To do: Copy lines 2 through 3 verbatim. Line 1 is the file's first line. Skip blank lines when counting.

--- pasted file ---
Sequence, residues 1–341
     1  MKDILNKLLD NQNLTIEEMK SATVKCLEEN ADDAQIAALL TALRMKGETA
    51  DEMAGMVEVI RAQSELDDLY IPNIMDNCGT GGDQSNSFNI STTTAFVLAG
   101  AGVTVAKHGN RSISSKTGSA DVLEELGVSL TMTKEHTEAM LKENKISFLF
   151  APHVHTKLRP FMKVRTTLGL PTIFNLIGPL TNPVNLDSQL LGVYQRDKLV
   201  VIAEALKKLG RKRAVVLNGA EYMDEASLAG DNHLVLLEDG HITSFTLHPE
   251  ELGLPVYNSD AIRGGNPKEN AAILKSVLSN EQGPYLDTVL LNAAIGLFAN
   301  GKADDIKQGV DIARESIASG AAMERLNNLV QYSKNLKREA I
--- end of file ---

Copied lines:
     1  MKDILNKLLD NQNLTIEEMK SATVKCLEEN ADDAQIAALL TALRMKGETA
    51  DEMAGMVEVI RAQSELDDLY IPNIMDNCGT GGDQSNSFNI STTTAFVLAG